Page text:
A Cheesy Twist on Mashed Potatoes

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Photo by suzijane/Flickr CC

This dish is really neither summery nor great for picnics but it's on my mind so now it's here. It's almost embarrassingly simple if you're looking for haute cuisine, but really super good if you just want something good to eat. Credit goes to Jay Bodley and Melina Hinton, who thought of it. We're scheming together to do a whole week of pimento cheese specials together and try to turn it into an annual pimento cheese festival. Start writing your PC poetry now--I'm forecasting a fall "arrival."

Anyways, pimento cheese mashed potatoes aren't a hard thing to make happen, especially if you live somewhere where you have pimento cheese ready to buy/eat. You just go about making mashed potatoes as you always would. I like doing them in a food mill, but of course everyone has their own favorite. This time of year I'm buying mostly Yukon Golds since they seem to have their flavor hold up better than most, but soon we'll be getting local potatoes of all sorts so you can take your pick from what's at the market.

Because I've got bacon on my mind from the bacon book's impending arrival, I've been doing it with chopped bits of bacon on top.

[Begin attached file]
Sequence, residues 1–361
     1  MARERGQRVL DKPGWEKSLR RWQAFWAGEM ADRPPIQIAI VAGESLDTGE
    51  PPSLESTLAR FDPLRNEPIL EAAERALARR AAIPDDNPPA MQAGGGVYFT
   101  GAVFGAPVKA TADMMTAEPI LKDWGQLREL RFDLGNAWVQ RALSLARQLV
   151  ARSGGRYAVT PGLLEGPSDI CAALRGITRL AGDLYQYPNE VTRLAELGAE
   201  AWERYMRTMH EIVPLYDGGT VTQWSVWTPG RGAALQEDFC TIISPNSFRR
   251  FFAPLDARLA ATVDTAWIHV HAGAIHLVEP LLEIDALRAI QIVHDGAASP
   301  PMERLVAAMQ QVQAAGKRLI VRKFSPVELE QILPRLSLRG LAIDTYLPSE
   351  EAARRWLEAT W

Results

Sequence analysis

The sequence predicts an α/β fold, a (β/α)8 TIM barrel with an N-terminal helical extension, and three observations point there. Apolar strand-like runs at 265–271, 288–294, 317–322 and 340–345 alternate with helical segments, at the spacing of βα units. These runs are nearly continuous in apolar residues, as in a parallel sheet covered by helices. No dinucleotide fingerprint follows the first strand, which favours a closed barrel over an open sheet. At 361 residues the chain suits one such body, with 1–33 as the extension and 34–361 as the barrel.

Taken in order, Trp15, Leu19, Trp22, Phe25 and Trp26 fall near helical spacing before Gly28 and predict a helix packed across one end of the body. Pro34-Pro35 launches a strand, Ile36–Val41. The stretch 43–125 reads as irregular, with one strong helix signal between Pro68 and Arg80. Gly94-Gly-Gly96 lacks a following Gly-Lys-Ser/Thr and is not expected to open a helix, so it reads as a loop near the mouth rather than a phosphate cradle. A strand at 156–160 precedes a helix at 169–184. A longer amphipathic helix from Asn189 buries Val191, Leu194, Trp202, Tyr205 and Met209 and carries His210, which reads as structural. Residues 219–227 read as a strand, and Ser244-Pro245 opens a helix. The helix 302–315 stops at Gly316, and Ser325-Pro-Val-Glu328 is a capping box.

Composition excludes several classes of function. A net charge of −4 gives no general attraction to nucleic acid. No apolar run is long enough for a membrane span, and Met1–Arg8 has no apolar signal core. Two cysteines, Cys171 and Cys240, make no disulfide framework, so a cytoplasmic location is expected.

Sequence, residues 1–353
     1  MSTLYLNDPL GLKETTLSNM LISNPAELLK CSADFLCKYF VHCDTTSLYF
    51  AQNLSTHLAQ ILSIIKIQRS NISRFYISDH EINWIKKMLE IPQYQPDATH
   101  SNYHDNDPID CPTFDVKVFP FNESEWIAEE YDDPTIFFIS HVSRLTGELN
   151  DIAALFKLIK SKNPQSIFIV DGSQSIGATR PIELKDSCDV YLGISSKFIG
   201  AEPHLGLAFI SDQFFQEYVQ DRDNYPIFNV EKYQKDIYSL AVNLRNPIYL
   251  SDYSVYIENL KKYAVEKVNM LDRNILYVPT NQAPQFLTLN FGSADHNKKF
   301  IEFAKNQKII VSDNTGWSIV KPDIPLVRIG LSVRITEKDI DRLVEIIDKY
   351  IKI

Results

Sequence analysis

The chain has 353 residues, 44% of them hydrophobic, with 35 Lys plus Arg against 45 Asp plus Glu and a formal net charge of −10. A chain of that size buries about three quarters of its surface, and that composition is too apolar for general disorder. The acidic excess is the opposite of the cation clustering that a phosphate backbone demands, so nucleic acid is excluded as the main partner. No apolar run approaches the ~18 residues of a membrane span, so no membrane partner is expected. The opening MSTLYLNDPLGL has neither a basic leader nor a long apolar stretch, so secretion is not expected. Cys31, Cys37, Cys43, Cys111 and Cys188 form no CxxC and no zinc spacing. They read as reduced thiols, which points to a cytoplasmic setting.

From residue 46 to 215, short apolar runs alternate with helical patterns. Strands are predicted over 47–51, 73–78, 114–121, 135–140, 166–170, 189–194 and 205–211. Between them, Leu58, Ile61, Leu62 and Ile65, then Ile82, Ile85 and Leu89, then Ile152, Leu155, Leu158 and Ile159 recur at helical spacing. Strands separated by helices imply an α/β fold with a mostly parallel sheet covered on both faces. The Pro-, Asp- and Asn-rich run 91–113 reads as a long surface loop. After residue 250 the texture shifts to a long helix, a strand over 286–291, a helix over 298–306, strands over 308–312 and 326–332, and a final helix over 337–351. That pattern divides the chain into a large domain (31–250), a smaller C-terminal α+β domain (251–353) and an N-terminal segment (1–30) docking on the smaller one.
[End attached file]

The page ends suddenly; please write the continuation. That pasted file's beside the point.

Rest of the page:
In either case, when the potatoes are tender pull them from the pan, mash and hold hot. Use pimento cheese as the "fat"--i.e., skip adding butter, cream or olive oil and just throw in more or less pimento cheese--and mash well.

Because I've got bacon on my mind from the bacon book's impending arrival, I've been doing it with chopped bits of bacon on top (I like Arkansas peppered, but you can pick your own.) If you really want to GO FOR IT you could drizzle some hot bacon fat over top like you would olive oil (as per the book, bacon fat in my theory is to North American cooking what olive oil is to the Mediterranean so...). Garnish with chopped celery leaves, too, if you have some.

Presented by

Ari Weinzweig is co-founder of Zingerman's Community of Businesses, in Ann Arbor, Michigan. He is also the author of Zingerman's Guide to Good Eating. More

After graduating from University of Michigan with a degree in Russian history, Ari Weinzweig went to work washing dishes in a local restaurant and soon discovered that he loved the food business. Along with his partner Paul Saginaw, Ari started Zingerman's Delicatessen in 1982 with a $20,000 bank loan, a staff of two, a small selection of great-tasting specialty foods, and a relatively short sandwich menu. Today, Zingerman's is a community of businesses that employs over 500 people and includes a bakery, creamery, sit-down restaurant, training company, coffee roaster, and mail order service. Ari is the author of the best-selling Zingerman's Guide to Good Eating and the forthcoming Zingerman's Guide to Better Bacon.

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